Scottish leaders under pressure on EU status

18.09.12 @ 09:30

  1. By Benjamin Fox
  2. Benjamin email

BRUSSELS - The Scottish government is facing renewed pressure to reveal legal advice on whether it would remain in the EU if the country votes to leave the United Kingdom.

  • There is confusion over whether an independent Scotland would remain in the EU. (Photo: The Laird of Oldham)

An urgent hearing of the Court of Session in Edinburgh will take place on Thursday (20 September), with Scotland's information commissioner Rosemary Agnew demanding the urgent two-day meeting to confirm that the ruling nationalist administration should release any legal advice on EU membership prospects.

The question of Scotland's EU membership is vital to the nationalists who are keen to retain unfettered access to the single market as well as an opt-out from joining the euro.

The government has consistently argued that Scotland's EU status would not be affected by independence.

However, that assumption was thrown into doubt last week by the head of the European Commission.

In his State of the Union speech in the European Parliament, Jose Barroso told MEPs that break-away countries would have to make new applications to join the EU. "A new state, if it wants to join the EU, has to apply to become a member of the EU, like any state," he said.

Under EU accession rules, the approval of all member states is required for a country to join the 27-country bloc.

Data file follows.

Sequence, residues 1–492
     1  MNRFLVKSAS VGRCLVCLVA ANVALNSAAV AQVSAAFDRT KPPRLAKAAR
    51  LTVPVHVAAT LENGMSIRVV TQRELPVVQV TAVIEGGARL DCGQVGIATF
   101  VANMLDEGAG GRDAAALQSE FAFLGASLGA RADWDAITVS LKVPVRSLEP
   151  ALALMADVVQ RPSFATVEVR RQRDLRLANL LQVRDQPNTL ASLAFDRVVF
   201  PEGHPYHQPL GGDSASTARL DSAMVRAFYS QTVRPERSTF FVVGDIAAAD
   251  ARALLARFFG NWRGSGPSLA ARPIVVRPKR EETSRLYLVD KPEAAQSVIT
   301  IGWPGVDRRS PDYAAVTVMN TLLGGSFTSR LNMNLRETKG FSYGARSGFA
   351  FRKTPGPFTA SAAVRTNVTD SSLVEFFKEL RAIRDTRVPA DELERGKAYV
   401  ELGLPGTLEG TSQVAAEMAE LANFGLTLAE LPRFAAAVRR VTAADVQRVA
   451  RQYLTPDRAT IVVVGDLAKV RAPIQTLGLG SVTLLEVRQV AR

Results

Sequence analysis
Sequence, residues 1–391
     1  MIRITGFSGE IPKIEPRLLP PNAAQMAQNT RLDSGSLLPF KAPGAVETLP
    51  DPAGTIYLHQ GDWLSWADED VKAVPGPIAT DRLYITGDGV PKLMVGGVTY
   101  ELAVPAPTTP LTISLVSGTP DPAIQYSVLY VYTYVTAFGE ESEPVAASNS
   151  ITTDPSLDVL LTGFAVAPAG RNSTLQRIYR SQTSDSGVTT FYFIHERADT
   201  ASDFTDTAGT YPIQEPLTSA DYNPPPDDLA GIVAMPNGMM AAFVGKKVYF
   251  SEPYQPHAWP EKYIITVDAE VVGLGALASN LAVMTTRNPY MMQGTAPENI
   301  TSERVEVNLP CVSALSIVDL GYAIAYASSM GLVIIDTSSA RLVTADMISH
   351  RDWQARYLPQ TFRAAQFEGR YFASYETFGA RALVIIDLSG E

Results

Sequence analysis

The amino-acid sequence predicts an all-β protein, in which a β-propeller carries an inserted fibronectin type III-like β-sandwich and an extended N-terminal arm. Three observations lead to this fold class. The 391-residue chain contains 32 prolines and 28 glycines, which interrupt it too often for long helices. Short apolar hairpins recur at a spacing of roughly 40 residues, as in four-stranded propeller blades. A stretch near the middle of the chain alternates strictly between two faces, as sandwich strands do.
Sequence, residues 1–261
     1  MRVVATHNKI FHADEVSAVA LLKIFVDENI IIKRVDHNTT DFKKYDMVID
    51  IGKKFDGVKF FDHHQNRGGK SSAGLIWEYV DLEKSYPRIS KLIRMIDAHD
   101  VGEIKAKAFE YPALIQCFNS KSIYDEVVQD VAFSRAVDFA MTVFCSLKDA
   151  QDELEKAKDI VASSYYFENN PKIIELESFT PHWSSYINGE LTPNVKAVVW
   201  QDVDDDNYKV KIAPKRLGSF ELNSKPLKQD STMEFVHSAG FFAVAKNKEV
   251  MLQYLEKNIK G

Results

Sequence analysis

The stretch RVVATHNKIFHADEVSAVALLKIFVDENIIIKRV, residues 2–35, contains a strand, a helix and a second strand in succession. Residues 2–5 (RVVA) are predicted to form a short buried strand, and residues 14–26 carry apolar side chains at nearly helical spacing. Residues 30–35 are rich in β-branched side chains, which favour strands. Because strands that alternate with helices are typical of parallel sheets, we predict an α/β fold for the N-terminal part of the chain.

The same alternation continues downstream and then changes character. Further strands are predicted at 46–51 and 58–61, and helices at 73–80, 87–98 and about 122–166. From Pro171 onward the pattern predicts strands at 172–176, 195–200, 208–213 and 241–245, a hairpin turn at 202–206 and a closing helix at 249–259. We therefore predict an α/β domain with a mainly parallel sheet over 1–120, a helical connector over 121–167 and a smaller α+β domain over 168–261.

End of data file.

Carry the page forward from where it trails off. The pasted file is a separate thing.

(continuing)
The question of whether legal advice exists on Scotland's EU status was triggered by a freedom of information request made by Scottish opposition MEP Catherine Stihler in 2011 demanding its publication.

Commenting on Barroso's speech, she warned that "Scotland will not automatically assume the many rights of the UK" and said the country's EU membership would take "long, detailed negotiations with a great many bodies and institutions."

In July, Scotland's information commissioner Rosemary Agnew ruled that the government should publish any legal advice on the issue, stating that the advice would improve public understanding in the debate on independence.]

She noted that disclosure would "inform the public in making their choice in a referendum, and in participating in the referendum debate."

However, the government has continued to stand firm, appealing the case and citing provisions in freedom of information law which allow public authorities to withhold information if it deems it to be against the public interest.

Scottish first minister Alex Salmond, who has also claimed that revealing legal advice would breach a ministerial code, insists that the legal implications will be covered in a white paper on Scottish independence expected to be published in November 2013, ahead of a planned referendum on independence in 2014.

The case has potential implications for Catalonia in Spain and for other regions in Europe calling for independence.

Last week, Catalonian regional leader, Artur Mas, warned the European Commission to prepare for a series of breakaway EU states, claiming that the region, which already has semi-autonomous status, would fare better if it had control over its tax and spending policy.

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